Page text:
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Gustav C. Gressel

Gustav C. Gressel

Jan 21
13 tweets

1/ While πŸ‡©πŸ‡ͺ defence minister did not say no yesterday, rather not yet, I think the #Leopard Plan as we conceived it in September 4 @ECFR is dead. Why? A longer thread.…

2/ The #Leopard2 is arguably the most prolific tank in Europe. However surplus and reserve tanks make up only a small part of the force. They could be used to start training and introduce the tank into πŸ‡ΊπŸ‡¦ services, but to achieve a real effect in a long war, more ...
3/ ... deliveries over the long run would be necessary. This is still possible as the Leoprd is still in production, theoretically 3 sites (πŸ‡©πŸ‡ͺπŸ‡¬πŸ‡·πŸ‡ͺπŸ‡¦) could produce it and there are πŸ‡ͺπŸ‡Ί funds for joint procurement, hence states could replace donated vehicles. But will they?
4/ 1️⃣ trust: if you stard procuring new 2A7 to replace existing vehicles donated to πŸ‡ΊπŸ‡¦, you make a commitment to operate a πŸ‡©πŸ‡ͺ tank for another 30 years. After recent escapades there will be much greater reluctance to do so. In an existential security crisis, πŸ‡©πŸ‡ͺ acted irrationally
5/ Public mood in many countries shift against πŸ‡©πŸ‡ͺ and it will be a hard time to convince taxpayers to put down ~€8 million each for new πŸ‡©πŸ‡ͺ vehicles. 2️⃣ coordination: Yes, πŸ†2 is in production, mut that production is stretched to 3 years per tank to maintain production ...
6/ ... at minimal orders. To shorten delivery times and decrease costs, larger "en bulk" orders would be necessary. Such en bulk orders would need to be coordinated amongst user nations, if there were a clear plan for deliveries and replacement.
7/ Somebody needs to do that and it is pretty clear that @Bundeskanzler Olaf Scholz is both unwilling and incapable to do so, even if he finally would allow countries to donate tanks. Will other leaders coordinate procurement for a defence good not manufactured in their country? I doubt.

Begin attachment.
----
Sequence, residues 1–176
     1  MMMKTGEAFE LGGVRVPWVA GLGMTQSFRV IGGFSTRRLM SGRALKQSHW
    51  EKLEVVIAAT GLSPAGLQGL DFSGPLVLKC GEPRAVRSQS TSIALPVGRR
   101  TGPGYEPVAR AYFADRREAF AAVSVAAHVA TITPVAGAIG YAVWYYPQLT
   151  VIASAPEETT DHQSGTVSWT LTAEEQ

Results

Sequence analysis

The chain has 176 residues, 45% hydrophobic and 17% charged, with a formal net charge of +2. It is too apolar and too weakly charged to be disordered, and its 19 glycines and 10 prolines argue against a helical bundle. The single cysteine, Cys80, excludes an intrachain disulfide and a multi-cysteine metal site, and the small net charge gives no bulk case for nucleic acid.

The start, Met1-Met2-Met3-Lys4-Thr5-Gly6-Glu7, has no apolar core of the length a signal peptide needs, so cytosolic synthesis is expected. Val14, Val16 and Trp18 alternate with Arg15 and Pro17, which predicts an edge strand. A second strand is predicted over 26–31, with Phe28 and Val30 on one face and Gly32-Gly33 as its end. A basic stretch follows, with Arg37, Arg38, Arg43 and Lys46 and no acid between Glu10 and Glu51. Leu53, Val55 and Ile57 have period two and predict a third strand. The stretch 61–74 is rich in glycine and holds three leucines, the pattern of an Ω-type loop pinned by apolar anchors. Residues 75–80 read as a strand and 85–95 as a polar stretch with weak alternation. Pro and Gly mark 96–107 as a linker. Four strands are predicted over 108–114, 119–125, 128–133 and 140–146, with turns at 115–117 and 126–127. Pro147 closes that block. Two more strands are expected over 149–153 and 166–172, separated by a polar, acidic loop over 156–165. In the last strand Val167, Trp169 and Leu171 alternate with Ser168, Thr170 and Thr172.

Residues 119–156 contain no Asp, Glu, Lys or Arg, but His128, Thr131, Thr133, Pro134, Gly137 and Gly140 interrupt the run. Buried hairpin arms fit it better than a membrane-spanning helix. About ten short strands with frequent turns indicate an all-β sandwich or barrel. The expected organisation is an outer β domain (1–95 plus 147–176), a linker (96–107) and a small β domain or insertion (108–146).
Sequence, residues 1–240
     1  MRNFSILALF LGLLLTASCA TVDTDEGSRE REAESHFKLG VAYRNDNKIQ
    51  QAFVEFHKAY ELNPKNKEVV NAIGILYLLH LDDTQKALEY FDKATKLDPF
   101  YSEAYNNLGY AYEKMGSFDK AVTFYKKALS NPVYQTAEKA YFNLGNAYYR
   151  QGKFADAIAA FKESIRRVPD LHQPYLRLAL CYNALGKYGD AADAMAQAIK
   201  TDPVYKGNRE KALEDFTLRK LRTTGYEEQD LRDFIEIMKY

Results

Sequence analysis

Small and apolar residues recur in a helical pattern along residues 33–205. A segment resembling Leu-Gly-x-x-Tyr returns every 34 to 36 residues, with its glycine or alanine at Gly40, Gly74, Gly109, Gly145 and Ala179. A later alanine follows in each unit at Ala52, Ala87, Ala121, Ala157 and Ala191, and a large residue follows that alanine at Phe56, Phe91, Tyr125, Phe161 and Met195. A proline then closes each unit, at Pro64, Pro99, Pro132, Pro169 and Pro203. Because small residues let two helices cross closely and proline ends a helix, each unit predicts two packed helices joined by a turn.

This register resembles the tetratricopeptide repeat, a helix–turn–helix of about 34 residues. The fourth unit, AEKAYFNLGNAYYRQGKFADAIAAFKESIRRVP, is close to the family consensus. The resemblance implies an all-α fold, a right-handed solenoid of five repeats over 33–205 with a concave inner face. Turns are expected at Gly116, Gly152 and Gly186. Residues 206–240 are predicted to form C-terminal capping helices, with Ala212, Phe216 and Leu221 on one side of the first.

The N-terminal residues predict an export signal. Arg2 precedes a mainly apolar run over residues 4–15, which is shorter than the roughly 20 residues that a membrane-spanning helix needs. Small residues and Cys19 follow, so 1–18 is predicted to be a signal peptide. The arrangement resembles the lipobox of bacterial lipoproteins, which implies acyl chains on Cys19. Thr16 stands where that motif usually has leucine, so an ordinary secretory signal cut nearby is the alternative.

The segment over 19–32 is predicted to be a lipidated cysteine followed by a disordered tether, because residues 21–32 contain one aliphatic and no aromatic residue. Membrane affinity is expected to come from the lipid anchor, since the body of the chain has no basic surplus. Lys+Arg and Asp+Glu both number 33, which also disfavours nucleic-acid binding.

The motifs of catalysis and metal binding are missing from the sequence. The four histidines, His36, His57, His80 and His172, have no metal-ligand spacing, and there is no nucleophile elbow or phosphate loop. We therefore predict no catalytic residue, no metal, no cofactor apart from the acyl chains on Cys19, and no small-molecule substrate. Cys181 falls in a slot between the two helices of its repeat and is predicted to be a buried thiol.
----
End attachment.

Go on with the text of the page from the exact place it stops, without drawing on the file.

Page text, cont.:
8/ 3️⃣ time: Allthough this is a long war, unlikely to end in 2023, πŸ‡ͺπŸ‡Ί politicians are very reluctant to commit to measuures that take more than a few months to implement. I remember the debate about Marder IFV, where rennovating older phased out vehicles that would ...
9/ ... have taken till 2023 was seen as useless, because "the war will have ended then" (πŸ€ͺ🀑 I told you then it won't). Refurbishing a some of old surplus Leopard 2A4 will take equal time, meaning politicians will not even try because they think it won't pay off.
10/ and then of course miss these vehicles later. Still, there will be Leopards in πŸ‡ΊπŸ‡¦, but their effect on the war will not be that big. For some time, πŸ‡ΊπŸ‡² will work around that problem, searching for T72 and ammo in the rest of the world as long as they find them.
11/ Then proceeding to deliver M1 #Abrahams. This takes more time and greater costs than Leopards, but is still feasable. A lot of the arguments against Abrahams are not all too convincing, especially if you regard this as a long war.
12/ But beware of a new burden sharing debate. MBT could well be provided by πŸ‡ͺπŸ‡Ί. πŸ‡ΊπŸ‡² is hard pressed to deliver #ATACMSforUkraine, #F16 etc. Republicans will say πŸ‡ͺπŸ‡Ί again consumes security at πŸ‡ΊπŸ‡² expense, and Biden will have few convincing arguments against.
13/ This of course will fall on all our heads, not just Olaf's. But ... I can't change that now.
Gustav C. Gressel

Gustav C. Gressel

Senior policy fellow @ECFRWiderEurope @ECFR, PhD, specialised on security, defence, military | NATO, EU, Eastern Europe
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